The sharp drop in the price of cocoa beans in West Africa has affected government revenue and exporters’ earnings in Nigeria since the beginning of this year, New Telegraph has learnt. The country is experiencing this challenge at a time the retail market for chocolate candy is valued at $143 billion in 2017.
The price of the commodity fell within the last seven months from $2,019 per metric ton to $1,457 per metric ton in May 2017.It was gathered that the price of the commodity fell by 49.91 per cent in Nigeria due to poor quality. Already, exporters of cocoa beans have stopped shipping the commodity through the Port and Terminal Multi-service Limited, Tincan Island Port, since last April, as buyers were offering lower prices for cocoa beans.
A member of the Cocoa Association of Nigeria (CAN), Mr. Johnbull Ewerami, explained that buyers were demanding higher quality cocoa beans than the ones being sold in the market. He said exporters now prefer mid-crop cocoa with bean count of a minimum of 250 grams per 300 beans or higher.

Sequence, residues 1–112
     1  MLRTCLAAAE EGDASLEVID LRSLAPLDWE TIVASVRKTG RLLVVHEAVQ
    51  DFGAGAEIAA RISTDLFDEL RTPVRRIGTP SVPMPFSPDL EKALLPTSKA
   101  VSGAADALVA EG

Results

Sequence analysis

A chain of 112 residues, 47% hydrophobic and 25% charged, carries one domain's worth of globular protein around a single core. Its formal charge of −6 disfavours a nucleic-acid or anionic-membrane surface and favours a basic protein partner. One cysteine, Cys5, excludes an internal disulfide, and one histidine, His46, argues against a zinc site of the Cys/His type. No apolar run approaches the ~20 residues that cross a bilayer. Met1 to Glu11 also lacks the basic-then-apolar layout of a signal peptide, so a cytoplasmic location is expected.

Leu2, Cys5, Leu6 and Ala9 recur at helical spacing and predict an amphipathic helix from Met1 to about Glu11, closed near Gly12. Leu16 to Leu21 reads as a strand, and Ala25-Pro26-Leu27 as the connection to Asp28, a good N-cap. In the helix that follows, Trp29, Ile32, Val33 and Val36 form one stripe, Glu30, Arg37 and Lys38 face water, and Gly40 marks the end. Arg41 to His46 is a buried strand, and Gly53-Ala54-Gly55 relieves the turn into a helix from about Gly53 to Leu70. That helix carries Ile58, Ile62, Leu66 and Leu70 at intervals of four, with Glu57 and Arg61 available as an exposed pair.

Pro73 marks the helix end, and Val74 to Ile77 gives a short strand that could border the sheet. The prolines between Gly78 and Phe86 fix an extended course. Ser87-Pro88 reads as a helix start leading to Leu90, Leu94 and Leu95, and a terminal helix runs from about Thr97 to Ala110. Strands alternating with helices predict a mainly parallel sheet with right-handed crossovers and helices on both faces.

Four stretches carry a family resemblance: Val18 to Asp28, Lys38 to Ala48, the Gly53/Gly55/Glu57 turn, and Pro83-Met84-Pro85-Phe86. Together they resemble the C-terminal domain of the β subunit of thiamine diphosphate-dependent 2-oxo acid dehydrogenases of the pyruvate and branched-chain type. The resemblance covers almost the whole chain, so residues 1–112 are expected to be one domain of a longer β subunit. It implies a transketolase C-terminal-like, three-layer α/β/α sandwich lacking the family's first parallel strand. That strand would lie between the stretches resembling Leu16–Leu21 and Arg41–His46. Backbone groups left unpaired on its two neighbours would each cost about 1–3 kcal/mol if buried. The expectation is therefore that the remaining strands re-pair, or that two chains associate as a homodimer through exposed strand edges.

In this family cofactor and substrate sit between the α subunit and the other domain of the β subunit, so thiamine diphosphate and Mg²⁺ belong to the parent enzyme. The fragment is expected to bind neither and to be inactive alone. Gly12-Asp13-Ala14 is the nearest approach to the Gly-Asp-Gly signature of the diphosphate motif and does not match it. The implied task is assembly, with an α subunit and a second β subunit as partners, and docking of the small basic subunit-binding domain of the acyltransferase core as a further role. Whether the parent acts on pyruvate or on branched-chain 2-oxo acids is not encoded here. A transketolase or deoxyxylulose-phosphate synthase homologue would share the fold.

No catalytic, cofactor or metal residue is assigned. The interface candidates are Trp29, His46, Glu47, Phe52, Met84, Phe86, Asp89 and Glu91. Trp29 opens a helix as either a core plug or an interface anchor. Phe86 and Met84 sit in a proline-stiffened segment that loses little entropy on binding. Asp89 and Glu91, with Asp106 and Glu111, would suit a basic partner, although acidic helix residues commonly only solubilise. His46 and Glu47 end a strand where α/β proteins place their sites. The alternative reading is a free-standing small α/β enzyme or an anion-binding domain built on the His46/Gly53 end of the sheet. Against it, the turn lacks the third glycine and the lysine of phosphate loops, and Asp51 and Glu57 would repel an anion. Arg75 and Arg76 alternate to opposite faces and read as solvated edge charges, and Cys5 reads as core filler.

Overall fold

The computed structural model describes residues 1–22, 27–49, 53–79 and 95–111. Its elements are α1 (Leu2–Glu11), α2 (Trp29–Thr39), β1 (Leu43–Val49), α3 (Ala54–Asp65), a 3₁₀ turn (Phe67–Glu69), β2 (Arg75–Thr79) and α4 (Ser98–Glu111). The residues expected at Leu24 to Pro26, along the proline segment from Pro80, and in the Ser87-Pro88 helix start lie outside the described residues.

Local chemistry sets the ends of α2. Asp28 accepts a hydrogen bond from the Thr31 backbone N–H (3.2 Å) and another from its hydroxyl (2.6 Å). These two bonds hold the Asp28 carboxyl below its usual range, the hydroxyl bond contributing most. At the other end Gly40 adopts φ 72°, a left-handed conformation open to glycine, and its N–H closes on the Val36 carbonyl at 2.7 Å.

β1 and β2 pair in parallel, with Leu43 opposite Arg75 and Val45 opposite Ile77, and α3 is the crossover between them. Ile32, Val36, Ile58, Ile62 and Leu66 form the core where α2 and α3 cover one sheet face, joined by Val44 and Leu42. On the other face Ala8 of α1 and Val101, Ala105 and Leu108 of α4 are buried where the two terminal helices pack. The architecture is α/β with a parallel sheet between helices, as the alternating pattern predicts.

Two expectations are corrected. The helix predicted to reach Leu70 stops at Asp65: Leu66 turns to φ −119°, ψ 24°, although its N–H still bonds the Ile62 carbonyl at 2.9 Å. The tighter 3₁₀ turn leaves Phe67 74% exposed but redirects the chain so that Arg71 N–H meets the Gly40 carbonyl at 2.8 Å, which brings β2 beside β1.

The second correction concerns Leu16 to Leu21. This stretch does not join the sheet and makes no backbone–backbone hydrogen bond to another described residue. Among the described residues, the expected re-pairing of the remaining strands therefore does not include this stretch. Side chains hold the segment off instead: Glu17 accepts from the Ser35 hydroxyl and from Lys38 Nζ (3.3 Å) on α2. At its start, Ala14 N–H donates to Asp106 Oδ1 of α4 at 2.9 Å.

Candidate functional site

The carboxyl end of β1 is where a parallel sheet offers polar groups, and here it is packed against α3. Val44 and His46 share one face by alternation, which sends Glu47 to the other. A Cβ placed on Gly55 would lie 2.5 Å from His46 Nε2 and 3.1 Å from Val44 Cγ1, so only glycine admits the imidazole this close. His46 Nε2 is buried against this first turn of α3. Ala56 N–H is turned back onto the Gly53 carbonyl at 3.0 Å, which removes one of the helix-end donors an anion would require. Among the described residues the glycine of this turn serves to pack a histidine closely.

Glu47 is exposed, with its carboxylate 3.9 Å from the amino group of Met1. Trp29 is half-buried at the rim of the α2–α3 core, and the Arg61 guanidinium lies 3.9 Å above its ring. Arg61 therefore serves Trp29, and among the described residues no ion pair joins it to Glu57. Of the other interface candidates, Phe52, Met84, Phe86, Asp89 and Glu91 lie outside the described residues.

He noted that good quality cocoa had a bean count of 300 grams per 300 beans in Nigeria. Apart from Nigeria, it was also gathered that poor pricing has affected Ghana by nearly $1 billion in export earnings due to a steep decline in cocoa prices. Also, the price has forced Ivory Coast to slash its 2017 budget. Trouble started last December when the price of the commodity tumbled by 42.38 per cent due to excess supplies of cocoa bean in some warehouses in Nigeria, Ghana and Ivory Coast. The International Cocoa Organisation (ICC) said that the surplus beans had reached 200,000 metric tons in the period.
It added that collective decisions would be taken to reduce the impact of the current pricing crisis in Nigeria and other African countries. Last year, ICC had forecast that major West African cocoa producers, Nigeria, Ghana and Ivory Coast would record a deficit of 147,000 metric tons valued at N128.73 billion ($429,123, 670) from cocoa production in the first quarter of the year because of the effect of the harmatan, which had plundered cocoa flowers and buds off trees before they grew into pods.
It also predicted that demand would outstrip supply in 2016, as global industry deficit forecast was estimated at 308,000 from its earlier forecast of 113,000 tons in its previous report last February. However, the forecast failed because of the favourable weather witnessed in the West Africa region in the second and third quarters of the year that led to surplus.
The organisation also noted that the Nigerian farmers would experience poor harvest due to dry weather, fungal diseases and aged cocoa trees. It was also estimated that 40 per cent of the country’s trees were unproductive because they have passed their peak production age of 10 to 20 years.